My sense of balance, as it turns out, is not about granting equal time to all my commitments. That is the trap of practicing rituals just to be “more productive” in a never-ending cycle of meeting other people’s expectations. Instead, I need to prioritize my own goals daily, and work a bit on them every day to maintain continuity of practice. This leads to progress. Lesson re-learned!

What Got Done

Focusing just on the “creative independence” tasks, I got the following done:

  • 1000 new Emergent Task Planner pads with an improved design have been produced. Most of them have been shipped to for fulfillment. They were out of stock for a few weeks, so I lost some sales because of that. I’m pleased with the new design, though.
  • I designed a new “diary” for a Russian entrepreneur, conducting the business through the vaguaries of Google Translate. The diary incorporates the Emergent Task Planner with some other design elements, and I think it’ll be pretty cool! The project has also reminded me that I need to start using lawyers and accountants to set-up my business structure for international deal-making.
  • I registered “The Emergent Task Planner” in the Amazon Brand Registry, which is apparently something new. This allows me not to have to have UPC codes for the products I sell on Amazon, though apparently I have to add product listings using a different method.
  • I created an Arc Notebook prototype using the half-sized Mini Emergent Task Planner, just to see what it would look like. It looks cool!

Things I didn’t do but have been eating at me; these will now become the focus of my daily 15-minute “focus on Dave’s creative independence goals” time chunks:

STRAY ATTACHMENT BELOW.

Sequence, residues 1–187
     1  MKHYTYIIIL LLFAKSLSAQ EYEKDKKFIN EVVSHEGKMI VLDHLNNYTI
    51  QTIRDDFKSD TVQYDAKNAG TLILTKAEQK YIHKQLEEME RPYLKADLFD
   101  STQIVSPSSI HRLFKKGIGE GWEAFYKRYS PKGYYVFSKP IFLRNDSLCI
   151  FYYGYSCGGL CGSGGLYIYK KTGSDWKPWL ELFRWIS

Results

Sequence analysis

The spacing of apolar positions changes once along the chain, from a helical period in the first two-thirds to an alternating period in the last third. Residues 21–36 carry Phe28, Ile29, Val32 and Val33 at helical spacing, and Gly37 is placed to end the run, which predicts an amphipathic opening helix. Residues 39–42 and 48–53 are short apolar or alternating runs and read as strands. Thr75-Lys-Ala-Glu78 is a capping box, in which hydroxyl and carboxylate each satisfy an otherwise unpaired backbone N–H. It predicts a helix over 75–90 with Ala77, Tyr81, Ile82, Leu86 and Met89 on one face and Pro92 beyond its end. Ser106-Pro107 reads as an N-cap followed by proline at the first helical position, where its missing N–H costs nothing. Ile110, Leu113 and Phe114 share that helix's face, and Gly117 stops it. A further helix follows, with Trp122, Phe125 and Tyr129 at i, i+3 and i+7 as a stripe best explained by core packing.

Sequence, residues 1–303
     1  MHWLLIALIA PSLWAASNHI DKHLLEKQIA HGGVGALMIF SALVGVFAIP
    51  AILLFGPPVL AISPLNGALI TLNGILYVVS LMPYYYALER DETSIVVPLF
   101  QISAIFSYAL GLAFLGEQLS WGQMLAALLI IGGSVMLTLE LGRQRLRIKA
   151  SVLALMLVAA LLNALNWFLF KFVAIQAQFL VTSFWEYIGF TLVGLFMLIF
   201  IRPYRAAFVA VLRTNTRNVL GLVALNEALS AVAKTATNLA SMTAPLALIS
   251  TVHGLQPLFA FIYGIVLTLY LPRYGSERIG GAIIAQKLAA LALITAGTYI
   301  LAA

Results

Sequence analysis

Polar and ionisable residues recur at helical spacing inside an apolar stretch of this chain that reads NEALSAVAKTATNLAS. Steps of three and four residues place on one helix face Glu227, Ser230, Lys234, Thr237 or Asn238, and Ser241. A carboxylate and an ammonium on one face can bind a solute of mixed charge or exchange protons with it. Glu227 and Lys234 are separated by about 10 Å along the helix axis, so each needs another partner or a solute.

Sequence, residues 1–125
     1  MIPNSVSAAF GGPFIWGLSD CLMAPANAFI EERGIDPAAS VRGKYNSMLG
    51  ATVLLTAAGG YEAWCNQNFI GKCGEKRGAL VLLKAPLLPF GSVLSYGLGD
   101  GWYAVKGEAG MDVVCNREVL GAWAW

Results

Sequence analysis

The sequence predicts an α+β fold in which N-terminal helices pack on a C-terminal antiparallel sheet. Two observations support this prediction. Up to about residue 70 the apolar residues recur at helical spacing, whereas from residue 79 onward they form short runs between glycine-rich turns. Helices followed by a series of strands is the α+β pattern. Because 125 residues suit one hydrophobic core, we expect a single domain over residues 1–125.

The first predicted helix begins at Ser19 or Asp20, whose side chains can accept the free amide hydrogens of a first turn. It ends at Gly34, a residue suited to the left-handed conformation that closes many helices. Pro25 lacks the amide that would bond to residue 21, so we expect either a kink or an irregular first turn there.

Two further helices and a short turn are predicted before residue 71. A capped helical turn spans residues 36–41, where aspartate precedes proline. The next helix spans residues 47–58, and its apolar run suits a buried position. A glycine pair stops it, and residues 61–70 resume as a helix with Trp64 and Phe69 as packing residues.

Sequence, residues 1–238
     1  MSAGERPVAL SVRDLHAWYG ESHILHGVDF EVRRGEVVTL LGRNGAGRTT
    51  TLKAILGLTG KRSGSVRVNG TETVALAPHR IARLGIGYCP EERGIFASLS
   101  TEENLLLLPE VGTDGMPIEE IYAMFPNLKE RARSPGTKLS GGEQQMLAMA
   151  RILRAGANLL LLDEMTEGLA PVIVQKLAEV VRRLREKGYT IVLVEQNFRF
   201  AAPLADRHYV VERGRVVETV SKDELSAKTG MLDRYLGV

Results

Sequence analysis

• Consolidating all the digital projects on one store.
  • Updating calendars for 2014.
  • Making a new Nanowrimo 2014 word counting calendar.
  • Creating “how to use” collateral for all the productivity tools I’ve designed.
  • Creating wholesale packages for the Shopify store.
  • Ading more products.
  • Blogging frequently, and more accessibly.
  • Clearing the backlog of reader emails and conversations that need to be shared!

The overall goal of creative independence (as I define it, anyway) is to generate the monetary resources I need by practicing creativity in the way that works for me. That is the explore – learn – build – share model. For the month of October, I hope to chip away at this list. Every one of them produces a useful asset that will help me move forward.

As for my other projects and commitments? They’ll get done too. I’m hoping that by maintaining momentum on my own projects every day or so, the feeling of accomplishment will carry over to everything. Deferring one’s own mission is a terrible feeling. However, I suspect it doesn’t take a whole lot of time for me to make significant progress if I remember to spend at least 5-10 minutes on it every day. I think that will be the theme I’ll report on in the November 11 Report.

Groundhog Day Resolution Posts for 2013

Here are other posts about Groundhog Day Resolutions for the 2013 season.

  • 02/02 Kickoff - Setting 30 Products in 30 days.
  • 03/03 Review - The Aftermath of 30 Products in 30 Days; What's Next?
  • 04/04 Review - New Website, Increasing Opportunity
  • 05/05 Review - Winding down a long chain of external commitments, getting ready for a hopefully-productive month.
  • 06/06 Review - Reducing Friction from internal struggle, picking the winning attitudes and tasks that produce tangible assets.
  • 07/07 Review - Mid-year Review, Focusing Process
  • 08/08 Review - An unexpected vacation for me, Relaxed Progress Made
  • 09/09 Review - Slow progress made, but that's OK; I'm accepting the slow and mindful way!
  • 10/10 Review - After a month of experimenting with early rising, I realize that prioritizing my mission of creative independence might actually be what I need to do. Duh.
  • 11/11 Review - Not much progress made on Creative Independence, but I have attained a sense of surety and calm about what needs to be done--and how to approach it--while maintaining balance between external commitments and personal goals by accepting that they take time and that's OK.
  • 12/12 Review - The year ends without closure, but looking back I see that I've made progress. More importantly, I believe that I'm generally on the right path.